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Innovation has a variety of interpretations, but for Keith Schlosser, Gamiel’s guest on this week’s CXO of the Future Podcast, innovation is a mindset that has led his career in unexpected directions. Keith is the Global Chief Information Officer at AXIS Capital, where he currently heads up global IT and data strategy–following a background of more than 30 years of insurance industry experience with roles in IT, business solutions, marketing and sales.
Prior to AXIS, Keith served as CIO for Chubb’s Overseas General Insurance division, where he spearheaded a number of growth, innovation, digital and change initiatives. Before that, he served as The Travelers Companies’ International Division CIO.
The Journey from Field Agent to CIO
At the beginning of his career, Keith started out as a field underwriter (an agent), and his job was to go out in the field and identify companies to insure and start the underwriting process with. All of this was done on paper, and in order to rate things, agents had to flip through manuals and binders of paper worksheets.
“In the mid 80s, I bought a computer thinking: ‘Gee whiz, I could probably take these rates and put them into a computer program and speed up the process for myself.’ Which is exactly what I did.”
His first computer was a Zenith that looked like a sewing machine.
After about a year and a half of doing that, people started asking him how he quoted so much business. ‘Your rates are to the tenth of a penny versus roundings. How do you do that?’ Keith met with the CEO and told him his story and was eventually asked to come to the home office and set up computers for everyone.
“We took an organization of twelve hundred agents who didn’t have a computer, a printer, or any kind of tech to support them and set them up with a CRM system, online rating tools and everything that they needed to be successful. And that kind of kicked off my career in tech–leveraging what I knew about being an agent and how technology could help people. And here I sit today.”
Outcome Driven Leadership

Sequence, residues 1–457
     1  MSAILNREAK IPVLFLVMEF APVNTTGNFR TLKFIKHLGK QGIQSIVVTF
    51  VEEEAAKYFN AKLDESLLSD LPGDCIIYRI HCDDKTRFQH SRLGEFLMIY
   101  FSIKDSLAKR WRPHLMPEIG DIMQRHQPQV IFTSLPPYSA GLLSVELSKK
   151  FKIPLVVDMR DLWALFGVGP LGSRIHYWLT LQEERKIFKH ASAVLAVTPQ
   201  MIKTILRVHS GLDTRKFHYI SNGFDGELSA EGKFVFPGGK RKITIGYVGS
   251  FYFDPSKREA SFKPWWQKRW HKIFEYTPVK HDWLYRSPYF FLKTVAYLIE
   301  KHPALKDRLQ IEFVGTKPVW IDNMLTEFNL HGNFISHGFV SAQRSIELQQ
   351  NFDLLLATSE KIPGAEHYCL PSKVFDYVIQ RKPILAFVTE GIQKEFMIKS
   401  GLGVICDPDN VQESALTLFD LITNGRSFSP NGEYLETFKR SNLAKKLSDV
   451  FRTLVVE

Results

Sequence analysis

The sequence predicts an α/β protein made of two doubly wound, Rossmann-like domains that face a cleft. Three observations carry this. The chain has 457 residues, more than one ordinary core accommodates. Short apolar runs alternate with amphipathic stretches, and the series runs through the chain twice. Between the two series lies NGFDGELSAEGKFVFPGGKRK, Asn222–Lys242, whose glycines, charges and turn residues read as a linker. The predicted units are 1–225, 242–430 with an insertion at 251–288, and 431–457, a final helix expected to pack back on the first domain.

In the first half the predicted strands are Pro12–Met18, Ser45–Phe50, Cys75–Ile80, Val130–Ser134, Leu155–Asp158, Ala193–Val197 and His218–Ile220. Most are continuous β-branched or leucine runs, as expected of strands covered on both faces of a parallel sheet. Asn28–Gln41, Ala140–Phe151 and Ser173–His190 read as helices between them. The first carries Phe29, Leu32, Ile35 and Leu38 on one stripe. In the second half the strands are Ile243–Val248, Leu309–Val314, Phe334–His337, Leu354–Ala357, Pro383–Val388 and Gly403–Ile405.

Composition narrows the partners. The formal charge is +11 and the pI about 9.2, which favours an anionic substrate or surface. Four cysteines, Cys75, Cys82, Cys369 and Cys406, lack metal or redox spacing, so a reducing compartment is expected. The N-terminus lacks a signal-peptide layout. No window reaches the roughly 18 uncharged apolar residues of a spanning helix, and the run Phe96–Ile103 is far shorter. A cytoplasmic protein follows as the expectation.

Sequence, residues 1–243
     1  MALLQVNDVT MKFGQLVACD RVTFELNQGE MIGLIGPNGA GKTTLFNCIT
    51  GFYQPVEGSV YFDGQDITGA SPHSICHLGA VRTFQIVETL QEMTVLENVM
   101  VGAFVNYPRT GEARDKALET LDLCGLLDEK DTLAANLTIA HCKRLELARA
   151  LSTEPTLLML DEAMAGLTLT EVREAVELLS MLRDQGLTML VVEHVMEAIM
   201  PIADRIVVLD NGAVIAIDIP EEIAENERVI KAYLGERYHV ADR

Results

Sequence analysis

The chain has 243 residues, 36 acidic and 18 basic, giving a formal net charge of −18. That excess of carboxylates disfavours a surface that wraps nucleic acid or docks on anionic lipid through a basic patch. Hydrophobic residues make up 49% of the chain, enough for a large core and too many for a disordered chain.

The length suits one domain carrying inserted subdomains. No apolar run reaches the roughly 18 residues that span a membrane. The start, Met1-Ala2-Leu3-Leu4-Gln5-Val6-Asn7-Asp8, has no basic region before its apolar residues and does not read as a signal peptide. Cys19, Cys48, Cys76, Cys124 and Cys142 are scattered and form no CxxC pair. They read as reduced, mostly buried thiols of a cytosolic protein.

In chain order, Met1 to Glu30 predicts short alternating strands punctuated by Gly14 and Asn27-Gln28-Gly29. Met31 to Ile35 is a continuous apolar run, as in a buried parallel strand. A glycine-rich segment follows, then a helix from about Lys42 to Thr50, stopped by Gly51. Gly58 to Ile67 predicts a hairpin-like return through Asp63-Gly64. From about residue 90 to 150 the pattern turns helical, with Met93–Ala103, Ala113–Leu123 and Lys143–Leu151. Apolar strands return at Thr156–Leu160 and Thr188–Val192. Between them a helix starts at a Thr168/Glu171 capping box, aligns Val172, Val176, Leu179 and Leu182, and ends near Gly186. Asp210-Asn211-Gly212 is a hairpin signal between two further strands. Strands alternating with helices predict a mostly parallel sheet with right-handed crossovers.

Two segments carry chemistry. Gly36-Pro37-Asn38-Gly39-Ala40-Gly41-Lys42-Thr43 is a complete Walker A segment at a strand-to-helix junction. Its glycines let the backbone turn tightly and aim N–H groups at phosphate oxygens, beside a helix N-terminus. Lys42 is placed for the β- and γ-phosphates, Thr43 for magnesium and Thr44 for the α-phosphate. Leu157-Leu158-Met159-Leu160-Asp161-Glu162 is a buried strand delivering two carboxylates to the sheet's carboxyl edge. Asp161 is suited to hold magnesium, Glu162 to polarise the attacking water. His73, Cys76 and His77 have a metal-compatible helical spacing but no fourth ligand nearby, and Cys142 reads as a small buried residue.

Keith believes that leadership is about hiring the right people, making sure they understand how they impact internal and external customers, and making sure they’re focused on business outcomes—not just technology.
“It’s important for me and the technology team to understand the business. I sit with the underwriter, the underwriting assistant, the claims person, and think, as the customer: ‘Are we interacting with you effectively?’ If we don’t have that level of understanding and knowledge, we’ll never have the empathy to understand what we need to build and to use it. We spent the first couple of months teaching the IT group, Business Technology Solutions (BTS), about the insurance business. AXIS Capital recently created an educational track for our employees. ‘What is the history of Lloyd’s of London? How does AXIS Capital operate? How did we start? What is a claim? How do we settle claims? What is our claims philosophy?’
All of that helps us build a base of empathy for our users. There’s an inherent disconnect between tech and how it’s employed, and the understanding of the people building it and its value to the community.
I also make it clear to our organization that the IT group is not a service provider and we are not the back office. We want to be thought of as part of the front office. There’s almost nothing that happens at AXIS Capital that doesn’t involve some sort of technology, including video calls, iPhone support, laptop software, settling claims, or conducting board meetings. Our team went from feeling like they didn’t have an identity, to being Business Technology Systems and Solutions. We’ve created a culture and an ecosystem that connects the IT side to the business side.”
Making Acquisitions Work
“The insurance industry is ever changing and unrecognizable compared to when I started 30+ years ago–not only in the way we distribute products and go to market, but even in terms of the products themselves. Who would have thought about cyber insurance, self-driving cars and the impact on the auto insurance industry 15 or 20 years ago? Insurance products and the expectations of the customer have changed as well. It used to be, ‘Hey, we’re going to sign you up and you’ll get your policy in a month.’ Now we sign you up and you have everything you need electronically in 15 seconds.
Acquisitions are an important part of our world. I wrote an acquisitions playbook for my previous employer, CHUBB, because we did so many of them:
Phase 1: Due diligence. We’d go in and meet with a company, learn about their strengths, weaknesses, and their philosophies around data (which are incredibly important in our industry).
Phase 2: The deal has been done, but it hasn’t closed. Getting to know the people, the organization, the culture, the skills, the software contracts, and the partnerships they have.
Phase 3: Closing and execution. After spending significant amounts of money buying an organization, we can’t allow the acquisition to fail. ‘What kind of organization do I need to put together to ensure success?’
Phase 4: Integration. Employees of the company being acquired worry they will lose their jobs. We reassure them that we are looking to bring on and bring together the best talent. We spend a tremendous amount of time making sure that people are comfortable with who we are, what we stand for, and about our goals and visions. Everyone needs to be singing out of the same songbook so we can achieve the end goal–a successful merger acquisition–and provide value to the shareholders and the customers.